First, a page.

Wednesday, December 23, 2009

Guilty Government, Disenfranchisement, and Jacob Marley's Chains (Updated)

Taking Congress's activities personally, here.

The Senate could at least have had the decency to respect our little holiday, our few hours or days off from work, our desire to celebrate, to eat, drink, and be merry, to visit with family and friends. But no! Americans must be armored at all times, lest our own elected representatives move to a sneak attack while we take a little while off to be, well, just Americans.

In the Big Picture, the hopeful prospects of America's health care are being flushed, true enough. But as an ever-so-small part of that Big Picture, it's also my ability and my loved ones' abilities to use our wits and to rely on our doctors' wits to seek medical solutions that are being encroached upon, and I am taking that very personally.

And, while I'm at it, I'm taking very personally that my own countrymen and countrywomen in Washington are playing fast and loose with my country's laws. They've been doing it for so long, and have insulated themselves so comfortably, that they've become quite casual about it. They see no need even to pretend to be honest, as used to be the case when, for example, a divorce would present enough evidence of scandalous duplicity and the inability to remain faithful to a sacred oath to doom a political career. Nope. While the Senate Democrats approve the dictates that lobbyists have put in writing, they have no trouble including a provision that future voters and future Congresses cannot undo what they have dictated in the dark of night.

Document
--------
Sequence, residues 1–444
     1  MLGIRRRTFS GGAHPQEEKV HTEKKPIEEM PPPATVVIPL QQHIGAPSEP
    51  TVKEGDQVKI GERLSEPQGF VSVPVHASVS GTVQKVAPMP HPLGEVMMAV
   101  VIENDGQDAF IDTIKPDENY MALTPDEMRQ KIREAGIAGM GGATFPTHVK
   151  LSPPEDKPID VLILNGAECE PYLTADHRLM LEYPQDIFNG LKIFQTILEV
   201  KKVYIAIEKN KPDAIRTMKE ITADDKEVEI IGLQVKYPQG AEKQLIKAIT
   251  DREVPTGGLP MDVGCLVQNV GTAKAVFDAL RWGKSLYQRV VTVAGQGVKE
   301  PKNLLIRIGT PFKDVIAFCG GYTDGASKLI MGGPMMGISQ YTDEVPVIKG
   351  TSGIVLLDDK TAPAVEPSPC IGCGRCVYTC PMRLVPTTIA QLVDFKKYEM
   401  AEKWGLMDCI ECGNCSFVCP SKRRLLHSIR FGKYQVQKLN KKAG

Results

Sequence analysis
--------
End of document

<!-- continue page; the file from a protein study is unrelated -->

This has been bothering me, this apparent (to my non-legally-trained mind) workaround to the force of a Constitutional amendment, passage of which after all requires approval by 2/3 of the Senate and 2/3 of the House plus assent by 3/4 of the states.

A commenter (Dave) at The Volokh Conspiracy was thinking along those lines, but apparently feeling less threatened than I:
This seems simple enough. If Congress feels strongly enough about the fiscal solvency of this proposal this that it wants to bind future legislatures to it, then it merely needs to submit a constitutional amendment to the various state legislatures saying so. Any of the various balanced budget amendments that have been floated will do nicely. If, on the other hand, they wish to seem to be committed to fiscal solvency while actually doing nothing to insure it, they should do exactly what they’ve done in this bill.
However another commenter, David Sanger, like me a non-lawyer, also was taking that dictate personally:
IMHO such clauses as these are odious since they in effect disenfranchise future voters by presuming to know more than they.
If this bill were laid out in the coffin that it deserves, Sanger would have hit one of that coffin's many nails smack on the head: On its face, this bill intends to disenfranchise Americans, and says so in black and white in no uncertain terms, and this effort has so far been endorsed by 60 elected leaders. Whether this effort withstands whatever forces that may (or may not) ensue, it is nevertheless an effort to rob you and I of our votes.